I have it on good authority that there are basically three outcomes that the health reform law may experience in the future (other than becoming a resounding–or mediocre–success). They are:
1. The Republicans get elected to a veto-proof majority and repeal the law in its entirety.
2. The Republicans get elected to a simple majority and are able to attack the law by reducing funding for a number of its provisions.
3. The lawsuits being brought against the law are successful and the individual mandate is found to be unconstitutional. Consequently, the entire thing unravels.
As to Option 1, I don’t see it happening. Is the GOP going to pick up seats in November? It would be historic if they did not. Will they pick up enough seats to override Obama’s veto and repeal health reform? I doubt it. Even if they did pick up the necessary seats, they might suddenly find out how hard it is to hold the votes together, especially considering that repeal isn’t going to be any easier politically than passage was. The obstacles here are huge. I’ll do a little forecasting, and say there’s about a 1% chance that this happens.
Option 2 is much more likely, because all that would be needed is a simple majority in both chambers. I put the likelihood of this one at about 30%, and that number would get greatly revised upward or downward after the election. After all, if the GOP can throw a wrench in the works without repealing reform, the end result will be pretty much the same, but with one major difference: Option 2 lets them say “Hey, Look! The Democrats’ health reform didn’t work!” They don’t have that luxury if they repeal the thing.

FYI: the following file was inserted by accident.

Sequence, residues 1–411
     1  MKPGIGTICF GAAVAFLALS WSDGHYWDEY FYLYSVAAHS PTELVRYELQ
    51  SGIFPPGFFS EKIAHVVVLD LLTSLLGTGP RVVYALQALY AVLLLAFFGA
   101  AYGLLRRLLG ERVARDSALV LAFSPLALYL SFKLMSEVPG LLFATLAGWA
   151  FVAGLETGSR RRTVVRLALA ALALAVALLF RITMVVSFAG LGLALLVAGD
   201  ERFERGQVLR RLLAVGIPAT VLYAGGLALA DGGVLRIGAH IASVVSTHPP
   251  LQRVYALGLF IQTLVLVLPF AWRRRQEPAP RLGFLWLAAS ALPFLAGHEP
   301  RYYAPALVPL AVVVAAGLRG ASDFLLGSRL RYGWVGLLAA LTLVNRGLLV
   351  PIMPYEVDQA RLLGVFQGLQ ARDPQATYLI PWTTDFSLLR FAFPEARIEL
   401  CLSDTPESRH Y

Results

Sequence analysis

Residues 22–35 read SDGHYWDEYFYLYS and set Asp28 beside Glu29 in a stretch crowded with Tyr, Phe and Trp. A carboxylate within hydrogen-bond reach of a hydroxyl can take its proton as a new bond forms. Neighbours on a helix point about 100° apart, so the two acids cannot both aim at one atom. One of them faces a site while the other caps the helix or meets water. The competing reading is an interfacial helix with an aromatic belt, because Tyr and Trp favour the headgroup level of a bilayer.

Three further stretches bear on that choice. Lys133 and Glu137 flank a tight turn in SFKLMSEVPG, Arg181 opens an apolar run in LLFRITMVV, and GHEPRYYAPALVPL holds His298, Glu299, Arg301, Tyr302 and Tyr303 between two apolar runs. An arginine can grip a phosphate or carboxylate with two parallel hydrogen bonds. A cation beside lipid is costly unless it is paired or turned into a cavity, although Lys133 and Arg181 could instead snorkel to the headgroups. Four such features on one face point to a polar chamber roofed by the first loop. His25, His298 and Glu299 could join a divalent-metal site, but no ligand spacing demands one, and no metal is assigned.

Lastly, Option 3. The courts are unpredictable. After all, this is the kind of case that would make its way up to the Supreme Court, and then you’re only talking about winning five votes in a best-of-nine series. (Sorry, the baseball postseason just started.) I’d give this one about a 20% chance of happening.
If you’re tracking with me and doing the math, that means I put the likelihood of health reform facing a serious challenge to implementation at 51%. Again, that’s without knowing how the elections will turn out. Still, the threat is quite real. Equally as real is the threat posed by the GOP’s proposed alternative to health reform as outlined in the Pledge for America. (As another aside, I can’t wait until another 16 years go by and we get the Promise to America to make the hat-trick with the Contract with America. But Washington never recycles ideas.) Others have had some good takes on the problems with what is being proposed. You can read them here, here, and here.